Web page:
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PostThe Aging of China, Russia: George Will in "Washington Post" (Richard Hancock, USA, 11/08/19 3:48 am)
"A Precarious Future for China," by George Will, published by the Washington Post, is based on an article written on demography by Nicholas Eberstadt, in which he states that both China and Russia face serious declines in working-age populations (15-64). By 2040, China's median age will increase from 15 to 48. He adds that the one-child-per-family law has led to the abortion of female fetuses, thus further decreasing population growth. Eberstadt says, "No country has ever gone gray at a faster pace."
Eberstadt also states that Russia is also experiencing "an all but irremediable decline." He adds that in 2016, 15-year-old Russian males had a life expectancy only slightly better than those in the least developed countries. He adds, "Vladimir Putin is a strongman ruling a shriveling country."
Eberstadt states that America is the only rich nation with a replacement fertility rate (2.1 children per woman). In 2015, America had almost twice as many working-age people with graduate or undergraduate degrees as did China. From 1950-2015, America acquired 50 million immigrants--nearly half the developed world's net immigration.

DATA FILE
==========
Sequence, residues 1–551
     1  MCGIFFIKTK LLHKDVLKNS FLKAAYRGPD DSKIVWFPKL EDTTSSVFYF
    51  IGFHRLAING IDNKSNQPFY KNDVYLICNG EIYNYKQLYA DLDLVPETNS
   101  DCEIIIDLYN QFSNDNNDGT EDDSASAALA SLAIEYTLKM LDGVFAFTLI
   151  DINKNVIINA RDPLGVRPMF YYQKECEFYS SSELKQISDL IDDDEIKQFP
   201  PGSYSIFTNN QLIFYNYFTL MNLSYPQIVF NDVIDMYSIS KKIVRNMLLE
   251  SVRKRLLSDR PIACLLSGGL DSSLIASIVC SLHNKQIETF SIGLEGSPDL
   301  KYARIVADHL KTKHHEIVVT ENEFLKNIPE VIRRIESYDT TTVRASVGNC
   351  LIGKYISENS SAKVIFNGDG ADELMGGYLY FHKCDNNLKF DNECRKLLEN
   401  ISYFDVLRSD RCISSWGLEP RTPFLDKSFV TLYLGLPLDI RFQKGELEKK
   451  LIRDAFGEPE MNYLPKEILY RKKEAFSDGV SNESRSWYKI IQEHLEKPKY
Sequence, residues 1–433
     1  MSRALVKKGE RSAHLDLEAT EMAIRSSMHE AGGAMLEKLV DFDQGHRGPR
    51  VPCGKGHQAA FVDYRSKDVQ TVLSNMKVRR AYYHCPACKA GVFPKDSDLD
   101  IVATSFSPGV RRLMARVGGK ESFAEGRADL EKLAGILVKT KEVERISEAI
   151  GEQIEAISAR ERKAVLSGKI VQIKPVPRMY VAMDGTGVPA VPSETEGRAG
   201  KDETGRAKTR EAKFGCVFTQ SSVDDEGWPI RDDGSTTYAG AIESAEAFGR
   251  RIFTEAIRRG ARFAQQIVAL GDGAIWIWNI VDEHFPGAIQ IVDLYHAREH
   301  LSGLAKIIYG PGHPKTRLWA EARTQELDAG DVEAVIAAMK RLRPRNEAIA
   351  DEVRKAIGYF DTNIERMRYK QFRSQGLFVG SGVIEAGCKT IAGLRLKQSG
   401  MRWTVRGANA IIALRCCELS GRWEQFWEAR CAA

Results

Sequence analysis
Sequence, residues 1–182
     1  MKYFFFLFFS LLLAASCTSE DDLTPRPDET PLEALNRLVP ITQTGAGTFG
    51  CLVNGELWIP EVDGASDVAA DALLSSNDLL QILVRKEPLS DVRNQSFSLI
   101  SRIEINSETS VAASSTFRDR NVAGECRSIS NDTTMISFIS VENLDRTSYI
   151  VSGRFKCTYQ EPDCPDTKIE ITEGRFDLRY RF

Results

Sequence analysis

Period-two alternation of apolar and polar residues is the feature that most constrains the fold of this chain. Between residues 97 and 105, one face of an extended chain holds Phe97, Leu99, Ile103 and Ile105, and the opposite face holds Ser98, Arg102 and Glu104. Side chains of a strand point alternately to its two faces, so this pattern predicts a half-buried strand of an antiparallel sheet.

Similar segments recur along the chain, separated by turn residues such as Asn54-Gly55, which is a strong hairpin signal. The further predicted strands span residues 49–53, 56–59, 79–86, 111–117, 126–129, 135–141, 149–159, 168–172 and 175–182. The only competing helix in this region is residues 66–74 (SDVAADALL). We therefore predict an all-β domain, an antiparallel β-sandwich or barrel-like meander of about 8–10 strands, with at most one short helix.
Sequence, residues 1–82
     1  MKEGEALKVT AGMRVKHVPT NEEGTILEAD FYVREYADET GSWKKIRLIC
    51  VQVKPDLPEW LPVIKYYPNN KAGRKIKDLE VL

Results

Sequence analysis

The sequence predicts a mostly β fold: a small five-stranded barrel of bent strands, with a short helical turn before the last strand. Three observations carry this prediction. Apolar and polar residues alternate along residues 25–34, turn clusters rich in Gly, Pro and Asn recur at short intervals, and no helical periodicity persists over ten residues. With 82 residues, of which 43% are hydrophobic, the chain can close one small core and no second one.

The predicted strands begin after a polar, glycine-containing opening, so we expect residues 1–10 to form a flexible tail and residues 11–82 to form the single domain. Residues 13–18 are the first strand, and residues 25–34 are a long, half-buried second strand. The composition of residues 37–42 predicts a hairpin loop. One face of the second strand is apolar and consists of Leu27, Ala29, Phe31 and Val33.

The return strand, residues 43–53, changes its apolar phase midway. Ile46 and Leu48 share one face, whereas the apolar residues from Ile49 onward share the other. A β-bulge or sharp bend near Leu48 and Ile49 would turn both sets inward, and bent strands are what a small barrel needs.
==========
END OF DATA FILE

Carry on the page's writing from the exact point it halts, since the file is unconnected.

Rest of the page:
The author concludes with: "China's Leninist state will continue the corrupt or otherwise inefficient allocation of resources, making robust economic growth even more elusive than it already is." He warns US corporations about an unrealistic participation in the Chinese economy, saying that a diminishing participation might bend China toward decency.
Our neighbor has a daughter who is an architect specializing in extraordinary barns and facilities for horses. She has a contract with wealthy people in Hong Kong to design horse facilities and visits Hong Kong and China frequently. She always brings us copies of the Hong Kong newspaper, The South China Morning Post. It covers the world better than any other newspaper that I have seen. It doesn't do this antagonistically with China but simply reports the facts, one of which states that 44% of Hong Kong citizens are considering migrating to other countries. I feel that one of the greatest mistakes that a strongman-ruled country can make is to cause their most competent people to emigrate to another country. This has certainly happened in Cuba and Venezuela and may be happening.
JE comments: Fascinating. China analysis tends to oscillate between the "nimble and booming" interpretation and this one, the "corrupt train-wreck-in-the-making" view. A huge and little-understood country provides plenty of evidence to support both interpretations.
China lifted the one-child policy in 2013, which should have some impact on the median age.
Should we turn our attention to the unrest in Hong Kong? Can anyone in WAISworld get the ball rolling?